A 40-plus-year-old arrangement between the City of Great Bend and Barton County over the cost to house inmates in the Barton County Jail has been revised, Sheriff Brian Bellendir told the Barton County Commission Monday morning.
The sheriff had instituted a change in jail inmate fees the county charges the city, going from a flat annual fee to a per-inmate charge. The new fees, which didn’t require action by the commission, go into effect in July 1.
Kansas law provides that cities committing prisoners to the County jail “shall provide for the payment of such compensation upon receipt of statement from the sheriff of such county as to the amount due from such city.”
In 1972, the city of Great Bend closed its jail so by state law, the county was required to house city prisoners, Bellendir said. Under an agreement that dates back to the 70s, the City of Great Bend provides an annual fee to the county for this service which now amounts to $37,000.
Other municipalities within the county are charged $17.50 a day per inmate, plus any medical expenses. According to the state statute, the county can charge enough to cover all the jail expenses, which in Barton County’s case would total $80 per day.
However, the going rate statewide is $35 per day, the sheriff said. Since the communities in Barton County already pay taxes to support the jail, he charges them half price.
But Great Bend has been different and now that flat fee is starting to take a toll. “It’s affecting my budget,” Bellendir said.
Over the years, due to statutory changes and changes in the municipal judge, there have been more city inmates and their sentences are longer. So, its costing more and more to house them.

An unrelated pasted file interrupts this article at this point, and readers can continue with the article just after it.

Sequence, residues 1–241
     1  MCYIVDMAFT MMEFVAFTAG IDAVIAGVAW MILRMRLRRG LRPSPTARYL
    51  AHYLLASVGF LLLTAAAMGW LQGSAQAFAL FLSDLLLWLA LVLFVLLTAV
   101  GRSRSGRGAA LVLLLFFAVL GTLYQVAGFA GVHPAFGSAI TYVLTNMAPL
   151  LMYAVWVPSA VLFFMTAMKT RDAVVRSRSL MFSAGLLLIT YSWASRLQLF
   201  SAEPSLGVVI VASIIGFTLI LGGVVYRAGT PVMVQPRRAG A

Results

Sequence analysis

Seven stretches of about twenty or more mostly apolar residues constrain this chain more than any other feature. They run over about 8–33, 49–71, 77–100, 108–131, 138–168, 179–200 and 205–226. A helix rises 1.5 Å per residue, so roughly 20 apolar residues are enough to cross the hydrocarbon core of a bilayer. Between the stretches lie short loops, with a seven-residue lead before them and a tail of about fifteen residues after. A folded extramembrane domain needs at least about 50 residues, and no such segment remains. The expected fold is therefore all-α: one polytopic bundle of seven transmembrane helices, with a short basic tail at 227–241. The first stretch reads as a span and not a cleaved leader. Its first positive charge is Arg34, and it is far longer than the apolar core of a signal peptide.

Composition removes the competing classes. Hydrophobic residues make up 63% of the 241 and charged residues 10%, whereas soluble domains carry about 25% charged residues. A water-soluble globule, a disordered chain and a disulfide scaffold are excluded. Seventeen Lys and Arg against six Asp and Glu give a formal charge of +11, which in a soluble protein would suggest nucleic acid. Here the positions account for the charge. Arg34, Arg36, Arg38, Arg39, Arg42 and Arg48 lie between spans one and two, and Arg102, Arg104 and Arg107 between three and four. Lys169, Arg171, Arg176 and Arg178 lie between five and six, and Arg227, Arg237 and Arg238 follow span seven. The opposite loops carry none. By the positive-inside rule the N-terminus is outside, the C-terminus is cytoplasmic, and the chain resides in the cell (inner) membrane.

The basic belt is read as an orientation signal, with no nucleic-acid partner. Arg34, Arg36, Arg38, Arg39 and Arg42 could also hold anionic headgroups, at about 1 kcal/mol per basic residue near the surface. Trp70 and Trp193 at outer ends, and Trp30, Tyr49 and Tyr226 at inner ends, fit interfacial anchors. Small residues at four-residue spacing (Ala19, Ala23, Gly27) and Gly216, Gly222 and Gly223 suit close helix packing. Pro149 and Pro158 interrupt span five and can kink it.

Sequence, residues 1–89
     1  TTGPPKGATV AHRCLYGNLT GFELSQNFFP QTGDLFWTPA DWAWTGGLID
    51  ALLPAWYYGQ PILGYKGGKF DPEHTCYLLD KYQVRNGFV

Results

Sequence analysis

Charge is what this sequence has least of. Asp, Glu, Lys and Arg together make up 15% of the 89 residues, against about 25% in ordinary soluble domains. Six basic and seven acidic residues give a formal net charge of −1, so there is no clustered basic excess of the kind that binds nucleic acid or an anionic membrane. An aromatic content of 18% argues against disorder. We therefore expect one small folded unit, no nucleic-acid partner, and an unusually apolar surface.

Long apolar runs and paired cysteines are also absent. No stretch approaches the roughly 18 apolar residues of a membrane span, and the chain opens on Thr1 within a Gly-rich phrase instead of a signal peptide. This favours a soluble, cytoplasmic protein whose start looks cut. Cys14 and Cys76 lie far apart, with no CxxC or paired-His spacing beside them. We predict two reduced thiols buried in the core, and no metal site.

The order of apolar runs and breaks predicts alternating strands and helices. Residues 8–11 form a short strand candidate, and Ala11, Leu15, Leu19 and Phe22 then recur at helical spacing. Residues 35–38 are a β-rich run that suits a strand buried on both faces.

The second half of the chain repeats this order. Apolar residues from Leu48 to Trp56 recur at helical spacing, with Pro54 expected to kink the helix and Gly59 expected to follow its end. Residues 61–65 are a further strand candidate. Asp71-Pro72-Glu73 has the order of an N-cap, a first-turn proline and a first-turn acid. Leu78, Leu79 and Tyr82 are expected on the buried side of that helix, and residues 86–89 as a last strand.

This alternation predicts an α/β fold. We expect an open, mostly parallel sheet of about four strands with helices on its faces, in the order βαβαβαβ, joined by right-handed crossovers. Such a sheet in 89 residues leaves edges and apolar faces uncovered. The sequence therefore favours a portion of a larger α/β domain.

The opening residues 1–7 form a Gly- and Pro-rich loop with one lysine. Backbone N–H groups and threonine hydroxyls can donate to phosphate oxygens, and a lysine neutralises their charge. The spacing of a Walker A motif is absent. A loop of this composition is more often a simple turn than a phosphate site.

Bellendir sent a letter to the city and county administrators have talked with city officials. “They weren’t shocked,” he said, adding they were probably expecting some sort of adjustment.
With the county’s budget situation being precarious, “I need to be as efficient I can be over there,” the sheriff said. At the current rate of city usage, the change would net about an additional $35,000 per year.
The city could reduce the number of prisoners who use the facility by shortening sentences, cutting the number of violators it sends to jail or start moving some cases from municipal court to district court (which would require the county pay for incarceration). But theses moves would also reduce the city’s revenue, Bellendir said.
“We need to make sure Great Bend pays its fair share,” Commissioner Jennifer Schartz said. She commended Bellendir for tackling such a difficult matter.
“This was all dreamed up in 1972,” Commissioner Don Davis said. “Things change.”
Barton County will continue to charge $35 per day for inmates from outside the county.